I read two books in February: Machinehood by S.B. Divya and Sourdough, or Lois and Her Adventures in the Underground Market by Robin Sloan.

Machinehood is near-future science fiction set in 2095, and I am recommending it to anyone and everyone every chance I get. The world, politics, and culture are so familiar that you only have to mentally squint a little bit to see it as the present, or at least see how the world could easily end up as it has in the book. Technology is infused into almost every aspect of human life — to the point of a violent uprising — but the characters have not lost their humanity. They are all of the things that the people you know and love are — brave, scared, driven, stubborn, flawed, intelligent, and just trying to do the best they can. (The book deserves it’s own post, but in the meantime, just go read it.)

Sourdough is the story of a talented young software engineer who moves to San Francisco for a high-paying, high-tech job which has her working all hours of the day and night, subsisting on a nutrient paste popular with her co-workers. The schedule and the diet take a toll on her physical and mental health. Some events occur which end up with her becoming the caretaker of a sourdough starter, and it opens up a whole new world of possibilities for her. The content is lighter than the intense social and political upheaval of Machinehood, but the book offers interesting and entertaining commentary about how we feed ourselves, body and soul, in this modern world. Food for thought, as it were. (Sorry.)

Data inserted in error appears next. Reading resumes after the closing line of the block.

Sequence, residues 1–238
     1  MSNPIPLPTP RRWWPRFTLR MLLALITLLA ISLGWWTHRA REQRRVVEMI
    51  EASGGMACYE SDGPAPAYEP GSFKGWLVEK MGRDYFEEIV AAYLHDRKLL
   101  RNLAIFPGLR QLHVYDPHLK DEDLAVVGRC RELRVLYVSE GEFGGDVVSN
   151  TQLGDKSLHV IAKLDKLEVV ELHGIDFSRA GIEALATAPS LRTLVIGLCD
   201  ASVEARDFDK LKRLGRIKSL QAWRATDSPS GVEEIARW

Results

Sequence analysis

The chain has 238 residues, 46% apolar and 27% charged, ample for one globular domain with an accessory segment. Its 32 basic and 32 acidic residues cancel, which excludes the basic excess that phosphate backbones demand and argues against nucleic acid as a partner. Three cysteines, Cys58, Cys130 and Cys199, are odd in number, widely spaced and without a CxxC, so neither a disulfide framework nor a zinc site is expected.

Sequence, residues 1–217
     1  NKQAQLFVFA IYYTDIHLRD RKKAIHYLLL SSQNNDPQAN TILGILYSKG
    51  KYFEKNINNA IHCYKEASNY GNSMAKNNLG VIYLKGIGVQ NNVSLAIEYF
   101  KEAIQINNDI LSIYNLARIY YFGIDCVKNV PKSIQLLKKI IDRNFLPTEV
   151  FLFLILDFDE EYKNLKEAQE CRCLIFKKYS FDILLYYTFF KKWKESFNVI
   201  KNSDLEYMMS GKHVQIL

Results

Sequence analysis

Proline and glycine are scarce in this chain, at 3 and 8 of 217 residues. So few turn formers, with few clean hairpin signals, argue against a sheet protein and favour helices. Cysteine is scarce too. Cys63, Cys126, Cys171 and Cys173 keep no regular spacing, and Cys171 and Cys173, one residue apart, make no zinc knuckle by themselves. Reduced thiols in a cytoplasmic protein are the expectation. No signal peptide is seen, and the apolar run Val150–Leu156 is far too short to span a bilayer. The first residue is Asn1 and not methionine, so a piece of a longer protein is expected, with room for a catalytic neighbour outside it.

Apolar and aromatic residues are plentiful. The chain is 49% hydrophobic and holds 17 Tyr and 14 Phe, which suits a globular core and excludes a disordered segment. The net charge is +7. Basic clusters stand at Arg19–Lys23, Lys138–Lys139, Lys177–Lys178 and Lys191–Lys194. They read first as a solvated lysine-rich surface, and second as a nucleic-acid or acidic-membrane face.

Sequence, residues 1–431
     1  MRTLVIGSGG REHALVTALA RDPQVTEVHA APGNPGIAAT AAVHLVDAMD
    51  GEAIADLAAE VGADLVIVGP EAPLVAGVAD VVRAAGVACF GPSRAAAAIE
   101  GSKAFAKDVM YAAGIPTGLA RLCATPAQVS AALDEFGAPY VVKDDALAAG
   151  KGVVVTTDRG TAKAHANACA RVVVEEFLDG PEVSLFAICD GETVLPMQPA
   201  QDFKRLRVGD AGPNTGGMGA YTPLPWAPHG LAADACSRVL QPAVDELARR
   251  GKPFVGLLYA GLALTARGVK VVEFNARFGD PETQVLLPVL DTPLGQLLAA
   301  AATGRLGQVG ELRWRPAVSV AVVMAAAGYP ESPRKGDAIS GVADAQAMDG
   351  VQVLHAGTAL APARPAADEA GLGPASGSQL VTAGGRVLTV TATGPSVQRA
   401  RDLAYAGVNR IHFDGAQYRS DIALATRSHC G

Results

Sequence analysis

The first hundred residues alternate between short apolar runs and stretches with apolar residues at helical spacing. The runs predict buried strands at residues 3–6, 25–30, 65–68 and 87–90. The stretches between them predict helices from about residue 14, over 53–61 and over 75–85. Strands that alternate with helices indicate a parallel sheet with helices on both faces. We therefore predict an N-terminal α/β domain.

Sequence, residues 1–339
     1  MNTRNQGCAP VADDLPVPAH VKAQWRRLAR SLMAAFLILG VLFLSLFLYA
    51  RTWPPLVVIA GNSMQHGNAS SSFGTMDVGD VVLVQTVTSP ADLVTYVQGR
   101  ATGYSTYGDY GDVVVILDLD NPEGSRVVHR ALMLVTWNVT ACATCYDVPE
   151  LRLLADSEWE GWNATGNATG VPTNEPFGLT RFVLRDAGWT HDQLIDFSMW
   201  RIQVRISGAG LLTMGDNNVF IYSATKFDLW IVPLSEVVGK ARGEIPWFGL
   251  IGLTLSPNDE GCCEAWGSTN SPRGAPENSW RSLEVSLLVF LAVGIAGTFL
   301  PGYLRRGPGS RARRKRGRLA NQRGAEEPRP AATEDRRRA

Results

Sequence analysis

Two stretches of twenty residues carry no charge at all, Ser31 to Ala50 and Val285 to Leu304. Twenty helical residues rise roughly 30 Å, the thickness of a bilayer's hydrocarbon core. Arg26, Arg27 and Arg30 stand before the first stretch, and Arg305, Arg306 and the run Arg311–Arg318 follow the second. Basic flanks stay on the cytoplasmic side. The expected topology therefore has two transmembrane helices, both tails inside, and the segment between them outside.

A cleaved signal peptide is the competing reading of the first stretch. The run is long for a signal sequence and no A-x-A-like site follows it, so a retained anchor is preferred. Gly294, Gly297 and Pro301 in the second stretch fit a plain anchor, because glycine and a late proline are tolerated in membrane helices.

Are these two books any less true or even factual than the history of Watergate? Or the two books of Russian history I have checked out from the library? It depends on your point of view.

Luke, you’re going to find that many of the truths we cling to depend greatly on our own point of view.

-Obi Wan Kenobi

Read Full Post »

%d bloggers like this: